Innovation Sighting: Attribute Dependency and High Heels
June 16, 2017 | by Chris Kalaboukis
A great example of the Attribute Dependency Technique can be found at My Place Café & Bar at the Hilton Osaka hotel in Japan. Attribute Dependency is one of the five innovation methods called Systematic Inventive Thinking (SIT). It works by creating (or breaking) a dependency between two attributes of a product or its environment. And this technique is helping My Place increase their customer base in a surprising way by offering female customers a discount on their food and drink orders based on the height of their high heels. The higher the heel the greater the discount.
According to Fox News:
To qualify for the promotion, heels must be at least five centimeters (two inches) tall. But the higher the heel, the greater the discount on the bar’s select dining options, craft beer, organic wine and cocktails.
Discounts start at 10 percent off your order, with each additional two centimeters of heel height receiving a better deal.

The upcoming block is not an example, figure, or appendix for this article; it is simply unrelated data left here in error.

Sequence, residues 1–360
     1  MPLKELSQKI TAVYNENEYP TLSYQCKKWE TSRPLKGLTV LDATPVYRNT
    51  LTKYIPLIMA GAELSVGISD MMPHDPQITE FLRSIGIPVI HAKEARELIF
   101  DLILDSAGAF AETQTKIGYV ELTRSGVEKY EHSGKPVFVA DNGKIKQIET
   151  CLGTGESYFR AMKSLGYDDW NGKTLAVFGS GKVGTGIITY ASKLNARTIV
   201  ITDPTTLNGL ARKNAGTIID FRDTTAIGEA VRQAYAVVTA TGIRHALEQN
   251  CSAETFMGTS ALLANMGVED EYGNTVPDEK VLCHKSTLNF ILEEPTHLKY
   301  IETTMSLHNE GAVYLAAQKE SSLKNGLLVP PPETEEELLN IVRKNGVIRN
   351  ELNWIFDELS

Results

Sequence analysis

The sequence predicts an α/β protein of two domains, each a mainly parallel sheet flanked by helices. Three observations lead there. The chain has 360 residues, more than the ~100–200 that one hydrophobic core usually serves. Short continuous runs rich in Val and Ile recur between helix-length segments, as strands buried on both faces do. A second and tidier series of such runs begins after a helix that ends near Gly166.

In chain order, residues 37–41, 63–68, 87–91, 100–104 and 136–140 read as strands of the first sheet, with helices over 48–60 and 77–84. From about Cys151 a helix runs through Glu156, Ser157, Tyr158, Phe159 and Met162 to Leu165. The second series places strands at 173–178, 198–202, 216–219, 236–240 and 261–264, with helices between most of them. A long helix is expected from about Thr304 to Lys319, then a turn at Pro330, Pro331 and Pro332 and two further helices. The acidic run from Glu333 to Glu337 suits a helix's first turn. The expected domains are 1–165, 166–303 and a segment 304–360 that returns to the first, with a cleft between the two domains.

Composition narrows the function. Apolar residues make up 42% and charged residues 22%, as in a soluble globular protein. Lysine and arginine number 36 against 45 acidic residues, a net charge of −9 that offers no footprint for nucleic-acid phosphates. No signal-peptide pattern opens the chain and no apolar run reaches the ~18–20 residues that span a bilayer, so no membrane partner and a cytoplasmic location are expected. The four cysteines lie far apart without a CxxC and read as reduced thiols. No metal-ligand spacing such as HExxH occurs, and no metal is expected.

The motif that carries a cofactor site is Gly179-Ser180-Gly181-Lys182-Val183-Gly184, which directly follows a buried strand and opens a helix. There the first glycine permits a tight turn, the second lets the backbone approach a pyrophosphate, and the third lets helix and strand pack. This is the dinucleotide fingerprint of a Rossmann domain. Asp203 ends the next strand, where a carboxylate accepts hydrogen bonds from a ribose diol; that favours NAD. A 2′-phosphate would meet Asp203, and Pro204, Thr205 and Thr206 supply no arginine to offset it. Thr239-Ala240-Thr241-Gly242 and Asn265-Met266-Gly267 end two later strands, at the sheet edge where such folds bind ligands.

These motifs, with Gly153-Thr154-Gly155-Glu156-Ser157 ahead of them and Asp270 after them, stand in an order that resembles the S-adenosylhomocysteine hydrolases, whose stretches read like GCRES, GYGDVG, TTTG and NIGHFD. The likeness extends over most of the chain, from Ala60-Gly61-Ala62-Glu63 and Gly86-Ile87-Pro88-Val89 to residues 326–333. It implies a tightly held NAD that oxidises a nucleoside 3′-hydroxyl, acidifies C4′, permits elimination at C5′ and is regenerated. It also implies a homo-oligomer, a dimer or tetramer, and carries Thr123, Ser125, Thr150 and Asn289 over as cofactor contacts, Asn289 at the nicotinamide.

Heels from seven to nine centimeters get 15 percent off, nine to 11 centimeters 20 percent, 11 to 13 centimeters 25 percent and 13 to 15 centimeters 30 percent. Anyone wearing heels above 15 centimeters (almost 6 inches!) will 40 percent off their bill.
My Place is running its “High Heels Ladies Night Discount” on Thursday nights starting June 15 and it lasts from 6 p.m. and 11:30 p.m.
It’s true that anyone can learn to create by utilizing the SIT methods. If you would like to get the most out of the Attribute Dependency Technique, follow these steps:
- List internal/external variables.
- Pair variables (using a 2 x 2 matrix)
- Create (or break) a dependency between the variables.
- Visualize the resulting virtual product.
- Identify potential user needs.
- Modify the product to improve it.